TCP congestion avoidance systems work by detecting packet loss due to congestion in the network. Upon detecting network congestion, TCP congestion avoidance systems will reduce the rate of network traffic to alleviate network congestion. A congestion control algorithm seeks to limit network congestion by adjusting the rate at which data is sent from a host or application to match the amount of available bandwidth, thus avoiding the condition where network queues fill up indefinitely and cause sustained and undesirable packet loss.

Typical TCP congestion avoidance systems specify the maximum amount of data that may be unacknowledged at any time. This limit is referred to as a congestion window. A sender will temporarily stop transmitting data when the amount of unacknowledged data equals the size of the congestion window and will resume data transmission as data is acknowledged by the receiver or presumed lost. Typically, network devices incrementally increase the size of their congestion windows as long as there is no symptoms of network congestion. As the network becomes congested, queues within network devices become full and cause packet loss. When the sender detects lost or dropped packets, it reduces the size of the congestion window, thereby reducing the data transmission rate and any network congestion.

Typically, the network layer, such as Internet Protocol or IP, underlying the transport layer does not provide explicit feedback to network devices about network congestion. Instead, network devices infer whether the network is congested based upon their own observations of packet loss.

In many networks, congestion is indeed the predominant source of packet loss so this algorithm works well in general. However, when network data is transferred over a lossy network connection, such as wireless or satellite network connection, network packets may be lost even if there is no network congestion. For example, radio interference will often cause the loss or corruption of some network packets in wireless network connections, regardless of the rate of data transmission. Previous congestion avoidance systems misinterpret this network packet loss as a sign of network congestion and reduce the transmission rate of network traffic unnecessarily. As a result, lossy network connections operate slower than necessary and are under-utilized.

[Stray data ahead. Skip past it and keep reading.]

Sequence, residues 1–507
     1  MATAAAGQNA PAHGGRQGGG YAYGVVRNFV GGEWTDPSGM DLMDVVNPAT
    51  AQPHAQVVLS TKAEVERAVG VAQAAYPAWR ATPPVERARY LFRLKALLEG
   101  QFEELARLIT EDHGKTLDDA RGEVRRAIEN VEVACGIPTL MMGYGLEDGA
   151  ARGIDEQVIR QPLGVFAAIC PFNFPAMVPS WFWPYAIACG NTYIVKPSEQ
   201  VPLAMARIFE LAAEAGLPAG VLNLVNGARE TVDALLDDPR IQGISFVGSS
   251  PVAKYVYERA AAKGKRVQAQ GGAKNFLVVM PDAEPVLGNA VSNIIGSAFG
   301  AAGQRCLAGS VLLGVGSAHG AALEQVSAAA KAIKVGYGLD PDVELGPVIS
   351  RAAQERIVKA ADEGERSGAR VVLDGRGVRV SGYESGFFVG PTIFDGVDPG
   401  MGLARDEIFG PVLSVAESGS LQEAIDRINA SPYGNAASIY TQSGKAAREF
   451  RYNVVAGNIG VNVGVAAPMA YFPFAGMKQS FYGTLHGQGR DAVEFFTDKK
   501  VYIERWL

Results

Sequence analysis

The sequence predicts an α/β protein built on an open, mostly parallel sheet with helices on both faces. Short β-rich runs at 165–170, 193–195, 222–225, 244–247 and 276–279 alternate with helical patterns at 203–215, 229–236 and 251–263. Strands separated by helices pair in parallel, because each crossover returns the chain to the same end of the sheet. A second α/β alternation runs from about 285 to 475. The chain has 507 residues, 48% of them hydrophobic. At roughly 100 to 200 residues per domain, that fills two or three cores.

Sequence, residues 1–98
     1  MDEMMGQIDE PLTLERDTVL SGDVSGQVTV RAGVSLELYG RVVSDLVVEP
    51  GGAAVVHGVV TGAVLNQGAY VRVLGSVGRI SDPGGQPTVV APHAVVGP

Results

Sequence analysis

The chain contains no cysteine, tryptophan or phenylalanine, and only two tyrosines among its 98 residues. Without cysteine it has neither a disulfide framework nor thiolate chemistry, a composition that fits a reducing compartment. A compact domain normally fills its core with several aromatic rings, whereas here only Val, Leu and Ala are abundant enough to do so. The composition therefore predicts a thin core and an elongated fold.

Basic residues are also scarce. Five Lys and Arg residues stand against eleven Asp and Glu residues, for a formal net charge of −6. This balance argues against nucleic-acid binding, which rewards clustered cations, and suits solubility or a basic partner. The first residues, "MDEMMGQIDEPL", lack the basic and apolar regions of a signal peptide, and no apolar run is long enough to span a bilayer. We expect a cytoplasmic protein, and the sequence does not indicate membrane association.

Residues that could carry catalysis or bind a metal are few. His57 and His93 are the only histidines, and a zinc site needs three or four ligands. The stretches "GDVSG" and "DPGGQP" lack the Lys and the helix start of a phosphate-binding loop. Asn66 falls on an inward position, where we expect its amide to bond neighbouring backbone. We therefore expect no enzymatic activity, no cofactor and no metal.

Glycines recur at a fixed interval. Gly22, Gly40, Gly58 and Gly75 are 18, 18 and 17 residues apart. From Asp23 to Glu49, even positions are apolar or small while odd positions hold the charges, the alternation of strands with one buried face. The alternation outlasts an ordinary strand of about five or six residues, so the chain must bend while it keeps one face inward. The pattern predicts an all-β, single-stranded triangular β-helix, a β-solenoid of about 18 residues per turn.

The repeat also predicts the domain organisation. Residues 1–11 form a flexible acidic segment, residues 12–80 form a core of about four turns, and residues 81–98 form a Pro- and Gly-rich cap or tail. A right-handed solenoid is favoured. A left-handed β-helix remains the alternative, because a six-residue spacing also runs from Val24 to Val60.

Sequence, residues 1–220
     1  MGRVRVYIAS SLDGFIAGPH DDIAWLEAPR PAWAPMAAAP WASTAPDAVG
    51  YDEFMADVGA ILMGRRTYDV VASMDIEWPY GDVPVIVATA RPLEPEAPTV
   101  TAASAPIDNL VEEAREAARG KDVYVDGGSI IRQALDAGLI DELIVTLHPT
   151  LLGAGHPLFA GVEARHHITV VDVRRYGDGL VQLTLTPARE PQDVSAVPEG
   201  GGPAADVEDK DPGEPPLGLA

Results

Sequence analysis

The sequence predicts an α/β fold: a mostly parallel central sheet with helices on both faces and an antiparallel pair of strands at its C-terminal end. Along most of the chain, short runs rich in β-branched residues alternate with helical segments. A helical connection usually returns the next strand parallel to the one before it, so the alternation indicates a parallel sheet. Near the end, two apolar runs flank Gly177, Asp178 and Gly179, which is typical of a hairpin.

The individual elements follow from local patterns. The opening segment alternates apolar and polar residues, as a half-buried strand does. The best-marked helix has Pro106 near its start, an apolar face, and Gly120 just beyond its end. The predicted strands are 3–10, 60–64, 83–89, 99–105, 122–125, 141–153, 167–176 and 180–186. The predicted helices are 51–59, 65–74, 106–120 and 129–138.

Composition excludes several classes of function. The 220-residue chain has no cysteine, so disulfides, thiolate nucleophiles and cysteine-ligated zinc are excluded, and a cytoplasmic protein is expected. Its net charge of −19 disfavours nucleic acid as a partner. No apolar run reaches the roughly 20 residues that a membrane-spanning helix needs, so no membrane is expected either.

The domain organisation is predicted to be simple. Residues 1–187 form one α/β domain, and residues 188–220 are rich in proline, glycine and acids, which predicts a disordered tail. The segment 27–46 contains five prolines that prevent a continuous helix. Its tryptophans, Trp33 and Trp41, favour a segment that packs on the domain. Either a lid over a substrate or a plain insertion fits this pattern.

To counteract this, some prior network devices employ Forward Error Correction (FEC) to detect and correct lost or corrupt network packets. At the sending network device, FEC analyzes the data being transmitted and creates extra error correction data. The original network data and the error correction data are then sent to the receiving network device. The receiving network device can use this error correction data to detect lost data and potentially recover small amounts of corrupt data. By recovering some corrupted data, FEC reduces the rate of packet loss over lossy network connections.

However, even with FEC, there will still be some packet loss over network connections, resulting in network under-utilization. Moreover, FEC requires the transmission of additional error correction information. Thus, any increases in network performance due to reduced packet loss from FEC are reduced if not eliminated by the amount of network bandwidth required to communicate the extra error correction information.